Pathos, Tragedy, Irony and Britain’s EU Referendum
Let me begin with a controversial statement; Karl Marx was wrong and Reinhold Niebuhr was right.
History isn’t governed by the material conditions which divide men and women at birth, nor by the ideas and social structures which arise from those conditions, as Marx would have you believe. All three play their part on the great stage, of course, but the problem with Marx’s conception of history is that it implies purpose, agency, and direction where there are none.
Niebuhr knew better. In his influential study of the United States’ role in the world, The Irony of American History, the Mid-Western theologian convincingly argued that history is the realm of three impish triplets, namely pathos, tragedy, and the eponymous irony.
Pathos refers to a situation “constituted of essentially meaningless cross-purposes in life, of capricious confusions of fortune and painful frustrations,” which “elicits pity, but neither deserves admiration or warrants contrition.” For a situation or historical moment to be considered pathetic, it must be the fault of nobody and be evident to those caught up in it. As Niebuhr states, “suffering caused by purely natural evil is the clearest instance of the purely pathetic.”
Tragedy, meanwhile, refers to a situation where a person or a nation makes a conscious “choice of evil for the sake of good.” This, according to Niebuhr, “elicits admiration as well as pity because it combines nobility with guilt.” Much like pathos, those who are entrapped by the tragic element of history are fully aware of their predicament, but they are forced to make a moral judgement call, to choose from a panoply of evils. Niebuhr claimed that the “necessity of using the threat of atomic destruction as an instrument of the preservation of peace” is a classic example of historical tragedy.
Irony—last but certainly not least—refers to a situation in which the “apparently fortuitous incongruities in life…are discovered, upon closer examination, to be not merely fortuitous.” This is a slightly more difficult concept to grasp, but what Niebuhr is alluding to is a situation where a person or a nation takes a certain action or adopts a certain stance with the aim of achieving one outcome, but in doing so makes the opposite outcome more likely. Unlike pathos and tragedy, irony is defined by ignorance, with the participants being unaware of the irony of their situation.
Niebuhr identifies dozens of instances of historical irony, most notably the idea of American exceptionalism.
Interesting enough, you might be forgiven thinking, but what’s any of this got to do with Brexit and the EU referendum?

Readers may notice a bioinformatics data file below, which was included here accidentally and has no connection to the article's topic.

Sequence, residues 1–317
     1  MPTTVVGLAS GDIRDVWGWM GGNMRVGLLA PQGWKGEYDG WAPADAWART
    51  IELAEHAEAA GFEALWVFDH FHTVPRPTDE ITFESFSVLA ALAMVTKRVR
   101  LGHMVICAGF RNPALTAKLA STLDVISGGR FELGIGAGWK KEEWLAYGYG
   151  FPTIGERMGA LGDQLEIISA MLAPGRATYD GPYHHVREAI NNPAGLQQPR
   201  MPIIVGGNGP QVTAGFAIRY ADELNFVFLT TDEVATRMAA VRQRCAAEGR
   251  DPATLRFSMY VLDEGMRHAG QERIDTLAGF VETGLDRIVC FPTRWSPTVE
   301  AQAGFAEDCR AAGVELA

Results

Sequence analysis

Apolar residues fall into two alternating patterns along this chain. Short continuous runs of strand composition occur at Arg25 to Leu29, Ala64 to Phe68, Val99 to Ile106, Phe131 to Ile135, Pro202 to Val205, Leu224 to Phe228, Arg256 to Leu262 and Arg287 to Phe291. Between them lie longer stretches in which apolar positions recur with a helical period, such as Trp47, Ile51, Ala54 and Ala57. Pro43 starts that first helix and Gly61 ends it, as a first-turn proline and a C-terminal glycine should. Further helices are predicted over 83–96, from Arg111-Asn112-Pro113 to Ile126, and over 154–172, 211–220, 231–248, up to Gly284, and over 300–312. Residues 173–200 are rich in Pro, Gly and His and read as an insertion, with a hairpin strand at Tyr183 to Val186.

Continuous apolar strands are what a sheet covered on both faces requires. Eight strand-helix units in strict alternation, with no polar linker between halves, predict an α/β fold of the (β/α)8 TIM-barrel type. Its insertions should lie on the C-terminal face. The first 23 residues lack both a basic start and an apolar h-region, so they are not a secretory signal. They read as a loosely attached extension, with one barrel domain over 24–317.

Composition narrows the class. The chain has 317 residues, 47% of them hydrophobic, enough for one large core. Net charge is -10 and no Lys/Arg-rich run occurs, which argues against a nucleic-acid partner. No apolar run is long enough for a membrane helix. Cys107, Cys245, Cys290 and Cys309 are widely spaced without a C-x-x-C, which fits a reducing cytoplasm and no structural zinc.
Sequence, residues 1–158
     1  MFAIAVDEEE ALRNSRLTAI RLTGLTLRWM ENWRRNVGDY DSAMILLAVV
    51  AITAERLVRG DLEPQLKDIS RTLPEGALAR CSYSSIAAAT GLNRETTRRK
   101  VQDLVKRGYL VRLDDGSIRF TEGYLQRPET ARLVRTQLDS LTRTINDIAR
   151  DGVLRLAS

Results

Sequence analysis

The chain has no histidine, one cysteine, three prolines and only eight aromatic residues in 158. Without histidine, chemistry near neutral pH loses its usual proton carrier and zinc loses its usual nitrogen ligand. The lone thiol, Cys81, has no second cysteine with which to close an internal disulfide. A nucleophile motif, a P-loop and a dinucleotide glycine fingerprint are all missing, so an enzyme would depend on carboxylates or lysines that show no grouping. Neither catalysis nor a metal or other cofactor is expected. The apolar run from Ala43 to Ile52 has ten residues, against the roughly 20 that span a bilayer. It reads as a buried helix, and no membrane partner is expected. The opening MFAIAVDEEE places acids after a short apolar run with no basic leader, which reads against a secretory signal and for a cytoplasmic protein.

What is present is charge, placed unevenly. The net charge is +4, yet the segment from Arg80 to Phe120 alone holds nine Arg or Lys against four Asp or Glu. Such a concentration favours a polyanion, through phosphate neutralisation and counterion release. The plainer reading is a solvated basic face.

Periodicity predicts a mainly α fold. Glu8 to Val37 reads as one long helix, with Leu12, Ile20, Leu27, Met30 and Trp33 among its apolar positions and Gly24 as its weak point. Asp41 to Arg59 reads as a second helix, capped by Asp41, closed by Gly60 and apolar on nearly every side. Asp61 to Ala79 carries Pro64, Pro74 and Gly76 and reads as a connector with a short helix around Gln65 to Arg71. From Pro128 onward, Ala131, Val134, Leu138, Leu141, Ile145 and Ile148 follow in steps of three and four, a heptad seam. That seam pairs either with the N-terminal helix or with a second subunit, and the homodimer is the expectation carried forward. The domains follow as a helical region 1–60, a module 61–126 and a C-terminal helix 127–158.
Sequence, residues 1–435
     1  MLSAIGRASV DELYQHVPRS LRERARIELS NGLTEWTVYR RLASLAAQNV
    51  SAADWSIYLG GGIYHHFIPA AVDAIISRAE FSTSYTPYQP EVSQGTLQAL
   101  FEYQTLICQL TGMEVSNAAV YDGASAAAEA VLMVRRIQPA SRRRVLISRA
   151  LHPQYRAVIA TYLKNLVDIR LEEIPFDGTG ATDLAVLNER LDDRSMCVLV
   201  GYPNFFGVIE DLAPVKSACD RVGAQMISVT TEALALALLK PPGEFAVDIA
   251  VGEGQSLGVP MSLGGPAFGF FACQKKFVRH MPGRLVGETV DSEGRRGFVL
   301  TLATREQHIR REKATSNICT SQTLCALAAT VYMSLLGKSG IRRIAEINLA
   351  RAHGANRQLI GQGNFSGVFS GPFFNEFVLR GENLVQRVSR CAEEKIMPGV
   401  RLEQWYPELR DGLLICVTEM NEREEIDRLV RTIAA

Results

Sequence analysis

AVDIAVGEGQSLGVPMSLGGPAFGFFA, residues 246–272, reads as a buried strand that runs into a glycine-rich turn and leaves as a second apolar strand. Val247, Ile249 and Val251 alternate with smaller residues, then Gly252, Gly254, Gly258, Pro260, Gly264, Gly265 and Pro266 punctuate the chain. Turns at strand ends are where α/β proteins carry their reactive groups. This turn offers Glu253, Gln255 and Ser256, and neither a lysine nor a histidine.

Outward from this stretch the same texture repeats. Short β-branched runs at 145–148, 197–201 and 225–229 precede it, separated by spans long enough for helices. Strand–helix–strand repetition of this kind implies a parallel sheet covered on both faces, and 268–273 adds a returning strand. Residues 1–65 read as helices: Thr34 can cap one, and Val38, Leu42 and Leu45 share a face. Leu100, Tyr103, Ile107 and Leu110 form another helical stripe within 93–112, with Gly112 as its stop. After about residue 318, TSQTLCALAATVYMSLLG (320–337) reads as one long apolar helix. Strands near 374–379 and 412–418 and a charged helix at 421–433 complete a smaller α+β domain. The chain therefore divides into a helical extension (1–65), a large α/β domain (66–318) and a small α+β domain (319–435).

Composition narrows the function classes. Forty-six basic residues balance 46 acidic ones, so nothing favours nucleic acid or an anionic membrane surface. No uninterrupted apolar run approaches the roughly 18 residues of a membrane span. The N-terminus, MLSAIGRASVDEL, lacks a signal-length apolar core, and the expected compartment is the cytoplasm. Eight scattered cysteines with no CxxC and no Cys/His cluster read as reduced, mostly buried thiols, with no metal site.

Well, although it probably doesn’t seem obvious in the present haze, I’d be so bold as to suggest that the answer to that query is ‘everything.’ You see, Britain’s membership of the European Union, and the question of whether it should endure, appears to encompass pathos, tragedy, and irony in equal measure.
It’s pathetic because the rules of engagement and disengagement were set down years ago by men with distinctly post-war concerns, and because today’s global marketplace is essentially a force of nature, an insurmountable obstacle which thwarts Man’s intellect and willpower at every turn.
It’s tragic because both sides of the debate are forced to operate on complex and ambiguous ethical terrains, choosing between legitimate-but-volatile national sovereignty and illegitimate-but-predictable transnational bureaucracy, between an often illiberal democracy and a reassuringly liberal technocracy, between the economies of scale offered by free trade and the creative destruction free trade visits upon traditional industries and their communities.
It’s ironic because the EU and its predecessors, the European Coal and Steel Community (ECSC) and the Common Market (EEC), were conceived with one overarching purpose in mind—to contain West Germany’s, and later, Germany’s, political and economic influence—and yet, collective efforts in that direction seem to have had the opposite effect. Britain’s formal relationship with the EU isn’t that important in the long run; like all other European nations, our future is a function of the German Question, and as such, will be determined by Berlin, not Brussels.
The truth, unfortunately, is that the electorate was faced with a choice between two evils, and it’s by no means clear which is the lesser of the two. The EU’s relationship with and to capital, labour, and justice is contingent on the topic at hand, while other geopolitical and structural factors, such as the rise of China and India, are likely to shape the British economy in far more profound ways than EU membership. If the architects of the Eurozone are guilty of ignoring Virgil’s advice to “beware of Greeks bearing gifts,” then I’d suggest that self-proclaimed oracles on both sides of the Brexit debate, with their declarations of moral certainty, are guilty of overlooking the Socratic Paradox, “I know that I know nothing.”
So, as we shuffle tentatively towards an obscure post-European future, it would behove us all to keep in mind the first verse of the Serenity Prayer, penned in the 1930s by a young Niebuhr and more recently popularised by Alcoholics Anonymous:
“God, grant me the serenity to accept the things I cannot change,
Courage to change the things I can,
And wisdom to know the difference.”
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